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date: 18 November 2019

Abstract and Keywords

The relationship between Roman comedy and the contemporary political and social scene has long been the subject of discussion and dispute. This essay avoids a search for one-to-one correspondences or direct references to events and persons. But it argues that comic writers were very much alive to current discourse on Roman attitudes, values, and practices. It illustrates this with reference to several Plautine plays and to Terence's Hecyra. The comedies dealt in subtle ways, sometimes mocking, sometimes serious, with matters like militarism, morals (and moralism), religious perspectives and sensibilities, political ambitions, hierarchical relationships, social and domestic institutions, and Rome's place in the Mediterranean. The playwrights were neither advocates nor activists. The comedies refrain from delivering opinions, but they explore individual and collective temperaments provoked by Rome's contemporary society.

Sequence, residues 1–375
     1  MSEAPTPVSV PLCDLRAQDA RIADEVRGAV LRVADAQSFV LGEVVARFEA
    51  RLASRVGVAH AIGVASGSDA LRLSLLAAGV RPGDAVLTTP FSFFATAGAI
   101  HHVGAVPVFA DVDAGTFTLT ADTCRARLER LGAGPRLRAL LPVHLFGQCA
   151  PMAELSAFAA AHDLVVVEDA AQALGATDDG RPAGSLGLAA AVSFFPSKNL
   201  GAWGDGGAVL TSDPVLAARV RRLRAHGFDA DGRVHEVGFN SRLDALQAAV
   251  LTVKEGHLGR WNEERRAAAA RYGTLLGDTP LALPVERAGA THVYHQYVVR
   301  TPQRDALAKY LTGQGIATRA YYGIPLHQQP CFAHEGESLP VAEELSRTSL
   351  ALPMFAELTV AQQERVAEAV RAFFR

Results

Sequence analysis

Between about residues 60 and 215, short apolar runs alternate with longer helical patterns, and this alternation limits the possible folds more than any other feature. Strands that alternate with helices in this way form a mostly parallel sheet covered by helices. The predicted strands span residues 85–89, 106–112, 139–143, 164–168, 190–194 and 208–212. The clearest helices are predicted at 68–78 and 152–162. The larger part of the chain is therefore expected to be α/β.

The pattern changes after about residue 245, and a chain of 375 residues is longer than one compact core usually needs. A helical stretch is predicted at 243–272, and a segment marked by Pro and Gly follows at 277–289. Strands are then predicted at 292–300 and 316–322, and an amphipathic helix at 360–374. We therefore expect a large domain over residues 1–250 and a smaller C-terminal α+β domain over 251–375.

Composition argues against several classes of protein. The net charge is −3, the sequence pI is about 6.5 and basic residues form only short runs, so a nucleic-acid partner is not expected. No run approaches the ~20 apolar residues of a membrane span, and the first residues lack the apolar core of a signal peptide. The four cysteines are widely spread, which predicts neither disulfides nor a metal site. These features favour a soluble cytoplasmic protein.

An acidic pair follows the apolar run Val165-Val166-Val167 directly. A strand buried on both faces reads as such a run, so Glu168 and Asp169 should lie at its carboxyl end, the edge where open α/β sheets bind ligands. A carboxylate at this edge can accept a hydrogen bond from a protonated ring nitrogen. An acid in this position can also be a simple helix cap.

Keywords: imperial power, moral decline, mos maiorum, religion, triumphs, gods, piety, Carthage, sumptuary laws, paterfamilias

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